Individuals & Families

TSC Research Summaries: Heart

Prenatal diagnosis of a gigantic cardiac rhabdomyoma in Tuberous Sclerosis Complex a new therapeutic option with everolimus

Author(s): Elisabeth Mlczoch M.D., Andreas Hanslik M.D., Doris Luckner M.D., Erwin Kitzmüller M.D., Daniela Prayer M.D., Ina Michel-Behnke M.D.
Ultrasound Obstet Gynecol 2014 Jun 10 [Epub ahead of print]
DOI: 10.1002/uog.13434

What is the topic?

About 50% of tuberous sclerosis complex (TSC) patients are thought to have cardiac rhabdomyomas. These are non-cancerous tumors that grow in the heart. Rhabdomyomas mainly grow before birth, between the second and third trimesters, and slightly after birth. Most of the tumors then partially or completely regress (shrink) during the first year of life. This article describes a case of an infant diagnosed prenatally (before birth) with TSC and found to have a giant cardiac rhabdomyoma in her heart. The rhabdomyoma was in a position to severely impact the infant’s health, and required intervention after birth. Treatment with the drug everolimus (an mTOR inhibitor) was given and the tumor shrank significantly so that the child did not have to have the tumor surgically removed.  This is a case report of one infant with TSC.

What did the authors hope to learn?

The authors hoped that the medication would shrink the rhabdomyoma enough that the infant’s heart could function normally. They monitored the child for any adverse effects of the medication that would require treatment or stopping the medication. While several studies have been published proving the effectiveness of mTOR inhibitor medications such as sirolimus (rapamycin) and everolimus for treatment of brain tumors (SEGA), kidney tumors (angiomyolipomas), and facial tumors (angiofibromas), few have been conducted on rhabdomyomas. The authors hoped to demonstrate that everolimus was a reasonable alternative to surgery in infants whose rhabdomyomas require treatment.

What was the background of this case?

Monitoring began at 23 weeks of gestation (pregnancy), and the baby was delivered at 37 weeks of gestation. She had a giant rhabdomyoma tumor mass filling the majority of the right ventricle of her heart, and impairing the flow of blood. Some measures were taken to keep blood flowing, however she was expected to suffer heart failure without more aggressive treatment. The family was presented options for heart surgery or treatment with the mTOR inhibitor everolimus.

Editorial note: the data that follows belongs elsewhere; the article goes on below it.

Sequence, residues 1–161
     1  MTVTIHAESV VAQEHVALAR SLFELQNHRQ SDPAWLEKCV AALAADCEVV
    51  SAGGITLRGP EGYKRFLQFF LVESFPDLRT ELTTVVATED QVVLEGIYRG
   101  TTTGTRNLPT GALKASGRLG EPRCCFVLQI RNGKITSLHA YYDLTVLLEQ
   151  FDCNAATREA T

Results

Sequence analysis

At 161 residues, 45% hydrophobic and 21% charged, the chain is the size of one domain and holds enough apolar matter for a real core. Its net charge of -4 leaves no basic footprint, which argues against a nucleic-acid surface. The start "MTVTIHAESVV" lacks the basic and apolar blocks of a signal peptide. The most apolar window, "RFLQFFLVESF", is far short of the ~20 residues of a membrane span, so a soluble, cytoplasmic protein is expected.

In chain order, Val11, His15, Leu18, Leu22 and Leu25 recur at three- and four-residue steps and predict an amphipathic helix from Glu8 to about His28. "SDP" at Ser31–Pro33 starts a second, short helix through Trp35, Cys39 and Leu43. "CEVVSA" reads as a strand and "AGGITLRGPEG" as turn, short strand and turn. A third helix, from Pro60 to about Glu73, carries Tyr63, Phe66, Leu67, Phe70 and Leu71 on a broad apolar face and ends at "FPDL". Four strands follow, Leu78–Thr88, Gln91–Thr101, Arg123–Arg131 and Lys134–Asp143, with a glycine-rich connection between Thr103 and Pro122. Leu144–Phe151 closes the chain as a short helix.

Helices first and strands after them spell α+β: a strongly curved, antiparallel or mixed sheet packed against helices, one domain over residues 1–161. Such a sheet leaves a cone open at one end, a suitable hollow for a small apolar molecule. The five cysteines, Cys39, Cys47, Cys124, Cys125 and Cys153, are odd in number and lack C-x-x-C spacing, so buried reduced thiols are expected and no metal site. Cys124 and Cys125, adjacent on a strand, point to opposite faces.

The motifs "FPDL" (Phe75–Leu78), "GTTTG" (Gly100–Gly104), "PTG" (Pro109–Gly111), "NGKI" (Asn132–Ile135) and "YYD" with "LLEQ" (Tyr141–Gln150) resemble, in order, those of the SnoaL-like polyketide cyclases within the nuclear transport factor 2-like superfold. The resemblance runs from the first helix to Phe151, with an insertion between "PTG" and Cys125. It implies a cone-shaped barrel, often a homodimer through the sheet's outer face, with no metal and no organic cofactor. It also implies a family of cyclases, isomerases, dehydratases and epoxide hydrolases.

What was the treatment?

At three weeks of age, the infant began receiving the oral medication everolimus, as an off-label use of the drug. Her blood serum was monitored for everolimus levels, blood count, and electrolyte levels. The size of the large rhabdomyoma was monitored by echocardiogram. A few small rhabdomyomas, which were not considered a threat to the infant’s health, were followed as well.

What were the results of the treatment?

After three weeks of treatment, the large rhabdomyoma had gotten smaller, and by age three months the size had decreased dramatically. The treatment was considered so successful that the medication was stopped. However, two weeks after stopping medication the rhabdomyoma got significantly larger and medication was restarted. Again there was a rapid response to the drug and the rhabdomyoma shrunk. The researchers plan to continue treatment throughout the child’s first year of life. The only adverse side effect seen was hyponatremia (low blood sodium), which required continuous supplementing.

This article was submitted for publication before the child’s rhabdomyomas were known to be resolved, so she was still taking the medication at the time it was written. It is unknown how long treatment with everolimus is required in this case. The authors believe that treatment can eventually be stopped and the tumor will not regrow, because most rhabdomyomas regress with age.  However it is not yet known if this will happen. There currently are no established guidelines for this treatment.

What do the results mean for you?

Most rhabdomyomas seen in TSC children partially or completely regress during the first year of life.  Since they seldom cause problems, they are just monitored. For those that cause serious life-threatening complications, surgery is the standard treatment. However more treatment options are needed for children who are not good surgical candidates. This is one of the first reports of the use of everolimus specifically to treat infant cardiac rhabdomyomas, so it may serve as a guide to future physicians considering this off-label drug use. The success of the treatment in this child should prompt more research in this area.

This summary was written by Cristy Wade, MS, parent of child with TSC, and consumer reviewer for the Tuberous Sclerosis Complex Research Program (August 2014).